“The nuclear agreement is a very good means for Iran to improve ties with the Western countries. There is no obstacle in becoming closer to Russia and China. The Chinese have already saturated Iran’s automobile market while Russians have pulled Iran closer in security and military matter. However, Iran should avoid being presented in the international community as a country that looks solely eastward. There must be a balance, meaning Iran should expand its ties with France, Germany, Italy, Austria, Spain, and Switzerland as much, so that it could make up in case ties with the East become interrupted.”
Khorram believes Iran’s ties with Russia should not be viewed as unidirectional inside the US as well, because Iran can provoke the US only if it improves ties with Europe.
“Russia will respect Iran in return when it sees the other side has every opportunity to expand ties with Europe. For instance, the delivery of S300 missile defense systems from Russia took 10 years for Iran. However, when Turkey order the same systems, it received S400 systems, more sophisticated missiles, in the span of a few months only because Russia know Turkey has a good status in the West.”
Don’t put all your eggs into Russia’s basket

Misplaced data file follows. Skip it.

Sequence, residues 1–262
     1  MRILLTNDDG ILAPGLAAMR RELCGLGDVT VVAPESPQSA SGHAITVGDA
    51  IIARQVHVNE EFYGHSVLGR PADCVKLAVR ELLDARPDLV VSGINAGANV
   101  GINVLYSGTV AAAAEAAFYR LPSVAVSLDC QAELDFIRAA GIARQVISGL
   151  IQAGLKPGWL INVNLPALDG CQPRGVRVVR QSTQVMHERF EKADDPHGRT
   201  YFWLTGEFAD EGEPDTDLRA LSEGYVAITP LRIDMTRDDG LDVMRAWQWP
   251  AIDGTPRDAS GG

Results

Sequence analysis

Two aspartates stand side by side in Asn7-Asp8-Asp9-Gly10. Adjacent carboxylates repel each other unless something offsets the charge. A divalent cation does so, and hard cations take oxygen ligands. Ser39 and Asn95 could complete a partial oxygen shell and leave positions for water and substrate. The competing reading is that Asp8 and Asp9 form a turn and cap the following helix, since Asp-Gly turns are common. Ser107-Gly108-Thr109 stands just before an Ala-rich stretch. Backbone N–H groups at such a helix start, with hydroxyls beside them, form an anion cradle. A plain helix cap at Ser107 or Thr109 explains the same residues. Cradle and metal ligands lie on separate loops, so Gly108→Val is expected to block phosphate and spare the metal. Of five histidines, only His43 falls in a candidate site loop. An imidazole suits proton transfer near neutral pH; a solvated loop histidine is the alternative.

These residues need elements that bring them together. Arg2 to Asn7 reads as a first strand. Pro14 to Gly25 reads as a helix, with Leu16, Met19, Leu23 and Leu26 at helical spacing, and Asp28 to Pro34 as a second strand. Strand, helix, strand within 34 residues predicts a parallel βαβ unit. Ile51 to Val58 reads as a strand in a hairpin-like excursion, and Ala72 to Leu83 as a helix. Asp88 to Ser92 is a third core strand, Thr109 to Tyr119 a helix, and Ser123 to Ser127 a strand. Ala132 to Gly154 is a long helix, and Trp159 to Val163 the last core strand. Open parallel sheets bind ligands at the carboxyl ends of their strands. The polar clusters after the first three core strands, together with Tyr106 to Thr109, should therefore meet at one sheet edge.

Acknowledging expansion of ties and constructive cooperation with every country as a principle, Khorram said Iran should not put all its eggs in Russia’s basket. According to the expert, this will lead to a situation where France, the UK, and Germany have no regard for Iran if issues like sanctions turn up.
Ali Khorram then recalls that during Khatami’s presidential term, there were periodic negotiations between Tehran and Brussels, saying the sides exchanged views about political, economic, and military ties, where Iran used opportunities in Europe. “China and Russia do not provide the same opportunities for Iran. In terms of banking relations or international issues, Europeans are more powerful than Russia and China. Iran should not give its market univocally to the Chinese. Tehran should engage in ties with Europeans, with their more sophisticated capabilities, so that China stops exporting its expensive junk to Iran. This is also true about Russia and India.
Ties with East should not be strategic
In response to Fararu’s question on whether strategic ties with Russia is in the interest of Iran, Khorram said:
“Even if Iran seeks strategic ties with Russia and China, both countries have openly stated they are not going to establish strategic ties with Iran or any other country like Iran. They kept denying this when it was repeatedly brought up under the Ahmadinejad administration. They are still denying strategic relations today, but China’s interests require that it dominate Iran’s market. Russia’s interests require cooperation with Iran in Syria, Iraq, and Afghanistan. In fact, the use of the term strategic ties has nothing to do with our current relations with the two countries.”
In spite of Iran-Russia military cooperation in Syria, Khorram added, the two will immediately split ways when the Syrian crisis is resolved. “Or if for example Iran closes its doors to China, they will go try to recruit other allies. Therefore, Iran should propel its ties with the East and West at the same time,” he concluded.